18. It would appear from the above that it was on the ground of expediency that it was held that the third person need not be joined as a party in such a suit because it is in his own interest that he should file a separate suit for the proper adjudication of his own title. At the same time it has been clearly observed that the question of rights of third parties do come in such cases be-cause the effect of an assignment, or of an adoption, or of a claim founded on inheritance may be to deprive of the property, and so of the rents and profits, of some other person.
19. The power of the Court to add par-ties under Order 1, Rule 10 (2) came up for consideration by the Supreme Court in Razia Becam's case, AIR 1958 SC 886. Their Lordships of the Supreme Court held inter alia that:
'In a suit relating to property, in order that a person may be added as a party, he should have a direct interest as distinguished from a commercial interest, in the subject matter of a litigation'.
20. Bearing in mind the above principle and the views expressed in the various decisions quoted above, I am of the view that in suits for ejectment falling under the second category noted by me, a third person claiming title in himself can be a proper party and the Court would not be exercising its discretion improperly to implead him as a party for the complete and effectual determination of the points involved in the suit,
21. The next question whether the present cases call for any interference with the discretion exercised by the Court below even though the reason given by that Court is not wholly sound. For more than one reason I am not inclined to interfere with the lower Court's discretion. Firstly, I am not satisfied with the bona fides of the petitioner in making the applications for being added as parry in the lower Court because as mentioned earlier, these suits were filed as back as 1962 and 1963 and the petitioner submitted its applications in 1967 and sometime earlier also got some documents executed in (sic) by the defendants which shows its object is to help the defendants in dfeating the suit of the plaintiffs and not the vindication of its own rights. The suits were filed as back as 1962 and 1963 and no reason has been shown why applications for being added as a party were made as late as 1967, when suits had become ripe for arguments. Secondly, the suit property is situated in the city of Alwar and is in possession of the defendants. It seems to me rather doubtful although I express no opinion on this question how buildings and house sites situated in the city of Alwar could be resumed in the resumption proceedings taken against Shivlal under the Act of 1952. Thirdly, the parties are added very often to avoid multiplicity of suits and conflict of decisions. But here I am told that Shivlal had transferred houses and lands situated in the same locality known as Shivlalpuri to different persons under various transfer deeds and many of them have filed suits against persons in occupation of those properties. There are about 40 suits pending in the Court below of similar nature. In case the petitioner is added party in these suits, it will have to be added as party in all the pending suits also and in each suit separate enquiry will be made regarding the title of the petitioner which instead of avoiding multiplicity of suits will lead to multiple enquiries in all the suits. On the other hand, if the petitioner files a separate suit in which all the transferees and the persons in occupation of those lands can be impleaded as defendants because there would be a common question of law and fact to be determined, the controversy will be determined once for all in that one enquiry. For the above mentioned reason no interference is called for with the order passed by the Court below.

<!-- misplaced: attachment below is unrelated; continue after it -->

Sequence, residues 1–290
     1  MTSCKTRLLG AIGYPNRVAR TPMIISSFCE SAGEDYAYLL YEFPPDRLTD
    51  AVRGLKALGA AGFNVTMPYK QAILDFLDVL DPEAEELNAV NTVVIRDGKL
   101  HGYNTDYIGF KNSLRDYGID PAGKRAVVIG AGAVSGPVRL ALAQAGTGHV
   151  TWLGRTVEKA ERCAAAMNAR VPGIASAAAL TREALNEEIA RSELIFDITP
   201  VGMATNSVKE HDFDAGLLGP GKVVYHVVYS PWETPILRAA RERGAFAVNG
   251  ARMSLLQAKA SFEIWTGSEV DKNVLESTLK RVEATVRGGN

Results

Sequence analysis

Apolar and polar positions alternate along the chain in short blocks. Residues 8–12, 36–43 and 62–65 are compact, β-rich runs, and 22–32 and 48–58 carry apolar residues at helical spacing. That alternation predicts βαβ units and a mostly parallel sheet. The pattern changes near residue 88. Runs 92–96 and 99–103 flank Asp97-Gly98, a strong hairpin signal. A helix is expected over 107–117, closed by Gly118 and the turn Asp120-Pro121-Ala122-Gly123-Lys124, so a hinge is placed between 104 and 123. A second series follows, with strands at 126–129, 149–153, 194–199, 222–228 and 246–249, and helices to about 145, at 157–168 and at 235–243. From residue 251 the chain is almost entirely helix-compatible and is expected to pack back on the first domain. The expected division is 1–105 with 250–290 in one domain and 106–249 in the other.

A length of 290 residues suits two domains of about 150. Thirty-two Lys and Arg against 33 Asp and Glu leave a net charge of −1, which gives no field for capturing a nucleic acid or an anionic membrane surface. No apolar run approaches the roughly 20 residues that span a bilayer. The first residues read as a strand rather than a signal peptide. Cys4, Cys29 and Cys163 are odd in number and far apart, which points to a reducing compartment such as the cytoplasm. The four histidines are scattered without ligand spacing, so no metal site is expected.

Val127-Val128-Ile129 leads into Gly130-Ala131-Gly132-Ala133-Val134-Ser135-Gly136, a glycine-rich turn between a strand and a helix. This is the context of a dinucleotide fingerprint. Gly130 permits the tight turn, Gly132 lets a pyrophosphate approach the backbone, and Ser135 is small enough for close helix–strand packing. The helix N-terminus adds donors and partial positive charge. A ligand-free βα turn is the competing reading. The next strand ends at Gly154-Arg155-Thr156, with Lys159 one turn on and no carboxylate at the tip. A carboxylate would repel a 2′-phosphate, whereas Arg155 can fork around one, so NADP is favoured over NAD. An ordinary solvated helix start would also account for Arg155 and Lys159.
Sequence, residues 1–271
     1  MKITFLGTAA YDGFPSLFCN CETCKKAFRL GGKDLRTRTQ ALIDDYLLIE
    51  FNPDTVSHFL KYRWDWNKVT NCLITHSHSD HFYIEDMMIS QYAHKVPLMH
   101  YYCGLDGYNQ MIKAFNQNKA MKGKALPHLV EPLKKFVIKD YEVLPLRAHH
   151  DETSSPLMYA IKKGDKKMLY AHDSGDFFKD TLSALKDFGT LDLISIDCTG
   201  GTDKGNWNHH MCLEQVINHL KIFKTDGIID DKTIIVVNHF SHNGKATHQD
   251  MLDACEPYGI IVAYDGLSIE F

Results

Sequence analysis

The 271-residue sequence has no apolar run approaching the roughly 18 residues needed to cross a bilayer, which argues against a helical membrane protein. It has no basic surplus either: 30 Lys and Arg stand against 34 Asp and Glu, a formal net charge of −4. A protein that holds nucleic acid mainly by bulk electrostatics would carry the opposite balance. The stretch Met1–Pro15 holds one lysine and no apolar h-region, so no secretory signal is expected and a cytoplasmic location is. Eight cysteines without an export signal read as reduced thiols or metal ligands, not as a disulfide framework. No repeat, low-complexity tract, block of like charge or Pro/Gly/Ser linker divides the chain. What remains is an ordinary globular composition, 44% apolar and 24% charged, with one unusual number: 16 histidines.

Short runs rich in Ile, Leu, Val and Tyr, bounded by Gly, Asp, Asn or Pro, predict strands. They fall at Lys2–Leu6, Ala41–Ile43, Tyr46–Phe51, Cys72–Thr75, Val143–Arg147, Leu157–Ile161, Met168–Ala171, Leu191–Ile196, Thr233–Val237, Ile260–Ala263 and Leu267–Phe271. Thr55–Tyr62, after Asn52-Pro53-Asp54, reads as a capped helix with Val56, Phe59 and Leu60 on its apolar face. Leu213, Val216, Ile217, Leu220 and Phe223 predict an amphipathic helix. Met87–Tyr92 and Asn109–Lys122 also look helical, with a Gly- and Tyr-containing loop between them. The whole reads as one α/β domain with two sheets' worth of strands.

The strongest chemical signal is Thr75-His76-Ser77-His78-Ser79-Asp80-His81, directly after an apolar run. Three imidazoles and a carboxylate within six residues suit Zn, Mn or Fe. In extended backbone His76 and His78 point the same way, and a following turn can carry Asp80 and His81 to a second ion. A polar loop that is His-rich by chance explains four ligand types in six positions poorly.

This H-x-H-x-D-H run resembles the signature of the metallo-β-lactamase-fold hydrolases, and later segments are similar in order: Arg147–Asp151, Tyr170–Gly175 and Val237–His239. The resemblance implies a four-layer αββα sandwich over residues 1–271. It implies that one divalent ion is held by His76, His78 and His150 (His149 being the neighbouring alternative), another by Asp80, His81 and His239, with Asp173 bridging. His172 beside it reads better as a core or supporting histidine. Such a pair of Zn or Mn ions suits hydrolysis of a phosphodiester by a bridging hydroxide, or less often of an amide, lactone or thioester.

22. The revision applications are rejected, but without costs.